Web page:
Couture felt that many parents believed Griffin was unsafe now. “If this were to fail again what you are going to do?” asked Spencer. The Building Committee did not have an answer.
Since the meeting they have received an email from the Budget Committee which outlined the concerns Spencer’s addressed at the meeting. They voted in favor of looking into cutting 3 classrooms from the top floor but anticipated a dissenting vote from members who were not present at the meeting. If the warrant article were to pass the school would open in 2010 and according to the enrollment estimates they would need about 27 classrooms. If finalized the cut would reduce the number of classrooms to from 30 to 27. They have not officially decided to cut classrooms but will make their final vote on November 13 and if they decided to make the cut they will make a final recommendation to the school board the following day.
Selectmen Reconsider Replacement of the Fire Alarm Truck
by Tom Tollefson
After voting 3-2 in favor of approving a warrant article that would raise and appropriate $110,000 for the purchase of a new fire alarm truck, the Hudson Board of Selectmen revisited their decision and voted against approving the warrant for the town ballot.
The truck would replace the current 37-year-old fire alarm truck. Fire Chief Shawn Murray stated that the $110,000 was a budgetary estimate, and that he is open to investigating into multiple vendors’ price estimates.
“We’re servicing over eight circuits, over 37 miles of municipal fire alarms,” Fire Chief Shawn Murray said about the truck which the fire department uses to gain access to fire alarms around town. He also added that the fire alarm truck would be used to run fiber optic cable across town instead of contracting another company for the project.
“I would not at this point in time be favorably disposed to continue looking at a $110,000 expenditure without a lot more detail from the fire and highway department,” Selectman Ken Massey said. “Why do we need a truck? We have trucks in town that can pull and tow. These devices are self propelled and appear to me that you can tow them, and they are significantly less expensive than buying a truck that is very limited in its use.”
Massey was in favor of purchasing a self propelled mobile boom as an alternative. He stated that a 1999 model would cost around $27,000 instead of the $110,000 for the new fire alarm truck. He reiterated his concern about the cost of a specialized vehicle.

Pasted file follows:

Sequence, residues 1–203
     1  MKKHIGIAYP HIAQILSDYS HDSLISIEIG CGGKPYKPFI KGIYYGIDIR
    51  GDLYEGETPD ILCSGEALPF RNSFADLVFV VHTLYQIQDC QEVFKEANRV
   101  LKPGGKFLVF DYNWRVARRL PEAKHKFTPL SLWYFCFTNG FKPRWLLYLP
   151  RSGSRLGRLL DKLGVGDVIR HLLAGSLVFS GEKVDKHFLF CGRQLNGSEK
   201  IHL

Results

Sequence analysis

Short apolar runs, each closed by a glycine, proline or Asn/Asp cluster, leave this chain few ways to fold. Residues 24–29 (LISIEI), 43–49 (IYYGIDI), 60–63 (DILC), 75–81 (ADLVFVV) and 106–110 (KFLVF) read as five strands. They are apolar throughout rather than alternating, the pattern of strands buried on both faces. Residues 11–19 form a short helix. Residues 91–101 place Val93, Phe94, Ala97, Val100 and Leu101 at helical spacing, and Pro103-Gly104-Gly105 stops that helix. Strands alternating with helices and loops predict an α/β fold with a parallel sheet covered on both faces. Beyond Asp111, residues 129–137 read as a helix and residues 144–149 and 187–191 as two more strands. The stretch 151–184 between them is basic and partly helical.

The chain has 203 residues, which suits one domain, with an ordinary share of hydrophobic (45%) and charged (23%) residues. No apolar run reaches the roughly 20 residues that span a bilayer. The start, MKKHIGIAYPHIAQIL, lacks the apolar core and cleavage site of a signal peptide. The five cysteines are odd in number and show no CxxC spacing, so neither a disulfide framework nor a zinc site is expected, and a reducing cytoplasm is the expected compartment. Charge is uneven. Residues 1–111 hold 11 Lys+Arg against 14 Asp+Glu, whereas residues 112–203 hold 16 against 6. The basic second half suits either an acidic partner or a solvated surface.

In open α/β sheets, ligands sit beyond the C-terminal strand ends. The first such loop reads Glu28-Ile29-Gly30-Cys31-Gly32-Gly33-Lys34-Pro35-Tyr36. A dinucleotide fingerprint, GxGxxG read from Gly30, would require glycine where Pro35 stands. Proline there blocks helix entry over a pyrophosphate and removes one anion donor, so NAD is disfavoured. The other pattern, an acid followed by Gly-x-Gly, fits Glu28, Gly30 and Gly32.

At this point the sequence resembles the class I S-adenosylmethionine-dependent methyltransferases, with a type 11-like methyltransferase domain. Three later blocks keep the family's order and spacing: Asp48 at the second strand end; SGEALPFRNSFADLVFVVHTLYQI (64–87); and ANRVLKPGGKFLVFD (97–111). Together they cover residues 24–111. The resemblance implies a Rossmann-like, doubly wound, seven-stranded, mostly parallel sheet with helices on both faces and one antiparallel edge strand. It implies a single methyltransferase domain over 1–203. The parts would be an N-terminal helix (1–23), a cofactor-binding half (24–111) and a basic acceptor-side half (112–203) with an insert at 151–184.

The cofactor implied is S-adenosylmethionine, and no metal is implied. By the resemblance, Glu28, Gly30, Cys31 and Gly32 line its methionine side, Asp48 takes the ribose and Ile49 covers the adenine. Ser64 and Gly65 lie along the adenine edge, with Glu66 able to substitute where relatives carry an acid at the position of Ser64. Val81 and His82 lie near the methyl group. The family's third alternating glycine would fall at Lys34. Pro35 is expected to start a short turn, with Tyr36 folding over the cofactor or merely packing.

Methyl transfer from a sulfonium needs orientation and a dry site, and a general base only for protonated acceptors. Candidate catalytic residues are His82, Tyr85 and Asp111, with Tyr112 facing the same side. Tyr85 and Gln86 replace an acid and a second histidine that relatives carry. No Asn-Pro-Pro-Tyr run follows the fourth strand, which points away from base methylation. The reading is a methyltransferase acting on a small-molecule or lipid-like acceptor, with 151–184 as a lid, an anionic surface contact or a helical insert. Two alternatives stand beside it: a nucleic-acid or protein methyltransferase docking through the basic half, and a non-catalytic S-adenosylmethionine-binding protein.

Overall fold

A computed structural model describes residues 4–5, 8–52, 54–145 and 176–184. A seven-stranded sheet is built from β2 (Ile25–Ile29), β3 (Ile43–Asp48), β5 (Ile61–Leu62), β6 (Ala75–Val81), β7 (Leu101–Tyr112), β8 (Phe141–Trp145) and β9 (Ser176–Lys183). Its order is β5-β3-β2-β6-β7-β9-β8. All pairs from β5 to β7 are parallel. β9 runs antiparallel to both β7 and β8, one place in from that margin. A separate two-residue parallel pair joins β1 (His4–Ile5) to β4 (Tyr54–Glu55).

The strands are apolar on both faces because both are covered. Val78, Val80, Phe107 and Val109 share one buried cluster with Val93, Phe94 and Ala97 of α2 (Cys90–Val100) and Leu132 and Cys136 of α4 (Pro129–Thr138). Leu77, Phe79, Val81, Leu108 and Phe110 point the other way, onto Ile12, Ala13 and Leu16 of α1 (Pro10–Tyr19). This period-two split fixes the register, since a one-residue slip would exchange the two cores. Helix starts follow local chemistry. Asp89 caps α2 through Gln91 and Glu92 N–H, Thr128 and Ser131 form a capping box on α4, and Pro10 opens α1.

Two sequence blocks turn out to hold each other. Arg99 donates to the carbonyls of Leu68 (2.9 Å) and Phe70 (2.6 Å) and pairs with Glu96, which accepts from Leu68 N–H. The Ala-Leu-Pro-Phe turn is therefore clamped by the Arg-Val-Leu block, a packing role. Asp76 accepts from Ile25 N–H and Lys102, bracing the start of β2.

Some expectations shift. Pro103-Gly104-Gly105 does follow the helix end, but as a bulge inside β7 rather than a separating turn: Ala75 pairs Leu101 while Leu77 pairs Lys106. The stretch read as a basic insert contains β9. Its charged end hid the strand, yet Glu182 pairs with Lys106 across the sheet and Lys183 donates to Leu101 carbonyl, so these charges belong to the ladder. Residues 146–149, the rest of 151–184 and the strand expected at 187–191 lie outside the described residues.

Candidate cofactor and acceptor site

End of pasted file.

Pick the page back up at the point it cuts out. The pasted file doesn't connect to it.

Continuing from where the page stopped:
“That device is not feasible for the fire alarm, you just couldn’t use it. Those types of lifts are used for construction sites, places where they don’t have to wrap fire alarm cable and move down the road. While it seems a good idea, they’re not designed for the type of work that we need the vehicle for,” Murray replied.
Throughout the discussion, Massey remained consistent in his opinion on the replacement of the fire alarm truck. “I’d still like to understand why a self-propelled mobile boom isn’t an equally viable option,” he said.
Selectman Rick Maddox was not in favor of replacing the fire alarm truck with a self-propelled mobile boom, but had his own alternative, which has yet to be fully researched.
“It’s (the mobile boom) really meant to be on construction site to do a specific job, but I like the idea of taking a vehicle that the town has and re-using it. That is good all around,” he said.
Both the fire and highway departments would share the use of a replacement truck. The highway department would use this truck to trim trees and repair traffic signals.
Selectman Doug Robinson researched the records to find out how often the current truck was used and by which department, dating from July 5, 2007 to August 20, 2007. “It’s easily a 50/50 split between the Fire Department and the Highway Department.” Robinson said referring to the fact that the truck had been used by the fire department 59 times and 55 times by the highway department in the last two years.
Robinson also said that the total times of usage to get 117, which he averaged out to about 4.5 times a month, with one use being for emergency at night. He added that it burns 1.8 gallons an hour when it’s in use.
Another alternative would be to purchase a vac-on truck to replace the fire alarm truck.
The vac-on truck could be modified to fit the use of the fire alarm truck for about $40,000.
“I don’t think we serve ourselves well when we started piecing and parting equipment together to save money,” Murray said.
Massey acknowledged Murray’s background work in developing the warrant article.
“I don’t doubt that you didn’t look at all the you looked at all the alternatives, but just like everything else you’re so into the moment that you don’t wind up looking outside the box,” Massey said.
Robinson made a motion to re-consider the BOS’s action of passing the fire alarm truck warrant. He made the recommendation before. Massey seconded it. The motion passed 4-1 with Jasper was opposed.
The motion to not forward the warrant article to the ballot was also passed 5-0.